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Grapht Summary:

    Grapht was a data analysis tool at the start.  However, it has evolved into an interactive environment for developing in Perl.  The main element in Grapht is the text editor coupled with the "workspace".  The workspace is a window into the Perl symbol table.  All of the variables as well  as the subroutines are listed for each of the packages.  It dynamically keeps itself up to date as the user executes sections of code.

    Grapht also has a snipit library.  This library keeps short (what ever you consider short) chunks of code available to you with a few mouse clicks.  The snipits themselves can be in one of two states.  The first is printable.  When you double-click on this snipit, it will insert itself into the current text editor buffer.  The second type of snipit is executable.  When you double-click on this snipit, it executes with respect to the current package selected in the workspace.  You can change the snipit from printable to executable or back again just by checking a checkbox.

    Grapht is bundled with some packages that make plotting in perl (pTk) a snap.  In the demo.snip snipit library there are some examples of the plotting capabilities.

A Picture and a Thousand Words:

     Well this is what it looks like so far.  I am rapidly adding features, but I do want it to remain sparce.  I do not want to create a bloated monster like many of the annoying IDE's that are now being developed.  I want it simple.  And more importantly, I want it customizable.   It has to work in Windows as well as Linux/X.  The entire program is written in Perl with the graphics provided by pTk (The Perl Tk modules).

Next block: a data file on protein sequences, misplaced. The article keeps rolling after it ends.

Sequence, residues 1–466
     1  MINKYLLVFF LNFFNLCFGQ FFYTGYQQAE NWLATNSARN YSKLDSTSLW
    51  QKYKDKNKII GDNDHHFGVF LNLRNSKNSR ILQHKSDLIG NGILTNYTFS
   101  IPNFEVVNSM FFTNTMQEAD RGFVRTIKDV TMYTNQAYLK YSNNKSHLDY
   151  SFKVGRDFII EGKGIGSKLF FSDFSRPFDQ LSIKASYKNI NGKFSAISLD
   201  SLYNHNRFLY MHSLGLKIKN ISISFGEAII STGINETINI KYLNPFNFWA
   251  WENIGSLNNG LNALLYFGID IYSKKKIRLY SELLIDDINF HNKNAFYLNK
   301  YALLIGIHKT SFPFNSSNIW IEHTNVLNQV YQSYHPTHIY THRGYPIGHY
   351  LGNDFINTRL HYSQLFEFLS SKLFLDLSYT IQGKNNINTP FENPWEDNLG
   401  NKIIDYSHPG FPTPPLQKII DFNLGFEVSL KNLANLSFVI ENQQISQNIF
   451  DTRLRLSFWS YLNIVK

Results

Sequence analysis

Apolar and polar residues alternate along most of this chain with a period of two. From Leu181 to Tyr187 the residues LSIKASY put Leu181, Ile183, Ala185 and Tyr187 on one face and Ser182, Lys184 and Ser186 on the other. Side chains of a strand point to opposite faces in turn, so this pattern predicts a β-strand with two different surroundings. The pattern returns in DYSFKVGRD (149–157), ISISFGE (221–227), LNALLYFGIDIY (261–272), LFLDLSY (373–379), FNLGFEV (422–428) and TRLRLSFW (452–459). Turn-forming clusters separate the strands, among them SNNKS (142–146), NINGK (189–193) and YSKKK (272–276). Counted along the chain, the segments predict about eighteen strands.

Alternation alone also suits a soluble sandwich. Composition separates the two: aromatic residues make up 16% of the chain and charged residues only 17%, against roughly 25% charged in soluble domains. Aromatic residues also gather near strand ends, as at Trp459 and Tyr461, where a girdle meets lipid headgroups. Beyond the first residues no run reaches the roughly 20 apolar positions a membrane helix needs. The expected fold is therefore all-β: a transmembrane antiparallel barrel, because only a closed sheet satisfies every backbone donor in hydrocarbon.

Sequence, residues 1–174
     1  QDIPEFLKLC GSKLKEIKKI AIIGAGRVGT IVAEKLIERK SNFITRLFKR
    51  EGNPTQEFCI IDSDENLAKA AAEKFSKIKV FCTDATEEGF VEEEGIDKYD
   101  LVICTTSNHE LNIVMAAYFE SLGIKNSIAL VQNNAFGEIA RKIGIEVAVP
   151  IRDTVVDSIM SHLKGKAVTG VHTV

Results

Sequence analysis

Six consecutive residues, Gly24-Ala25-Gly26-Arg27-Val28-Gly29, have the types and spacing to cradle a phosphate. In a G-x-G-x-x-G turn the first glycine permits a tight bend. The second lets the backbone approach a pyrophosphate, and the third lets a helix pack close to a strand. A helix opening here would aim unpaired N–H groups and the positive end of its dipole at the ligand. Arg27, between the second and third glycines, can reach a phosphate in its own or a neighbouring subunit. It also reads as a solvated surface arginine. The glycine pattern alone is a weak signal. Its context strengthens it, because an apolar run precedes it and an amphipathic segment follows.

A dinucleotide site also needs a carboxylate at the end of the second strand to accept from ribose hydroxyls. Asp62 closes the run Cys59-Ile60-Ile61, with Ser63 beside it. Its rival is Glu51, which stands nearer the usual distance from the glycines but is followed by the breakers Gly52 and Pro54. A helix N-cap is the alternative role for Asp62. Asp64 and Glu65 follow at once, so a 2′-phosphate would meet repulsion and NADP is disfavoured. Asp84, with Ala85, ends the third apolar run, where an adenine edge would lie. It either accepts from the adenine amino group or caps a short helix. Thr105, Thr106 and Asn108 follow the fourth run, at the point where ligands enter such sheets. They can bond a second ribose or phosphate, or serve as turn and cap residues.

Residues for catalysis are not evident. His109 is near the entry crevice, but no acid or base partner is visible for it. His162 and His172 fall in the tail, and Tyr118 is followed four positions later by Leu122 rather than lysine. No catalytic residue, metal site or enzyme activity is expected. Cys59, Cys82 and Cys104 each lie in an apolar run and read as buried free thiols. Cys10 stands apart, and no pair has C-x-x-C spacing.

Let me describe some of the areas of the picture above.  The menu is totaly customizable.  With a small working knowledge of Perl and Tk you can add virtualy anything to the menu.  Or remove things if that is what floats your boat.  If you don't have a working knowledge of Tk, Grapht might be a nice place to start developing those skills.  The index box indicates the current line and character number.  To go to another line simply type any valid Tk text index and hit enter.  The search box allows for regex searches of the current buffer.  Simply type in the value you are looking for (in this case "two") and hit return.  All of the matches will be highlighted with a blue background.  If you stay in the search box and hit the down or up arrow keys the current match will turn yellow, and the view will shift so that the text will be displayed.  If you keep hitting the up or down arrow, you will scroll through all the matches.  To unhighlight the text, delete all of the text in the search box and hit return.

    The white listbox with "scratch" displayed inside is the buffer list.  By clicking on a buffer in the list it will display that buffer.

    Below that lies the "workspace".  It allows the user to view all of the symbols perl has on its symbol table.  The combobox at the top allows the user to select what package variables to examine.  It also makes any code you execute use the package shown on the workspace as the default package.  This comes in handy if you have two identicle sets of data residing in two different packages.  You can run some analysis code on the first package's data then without changeing your code switch to the other package and do the same.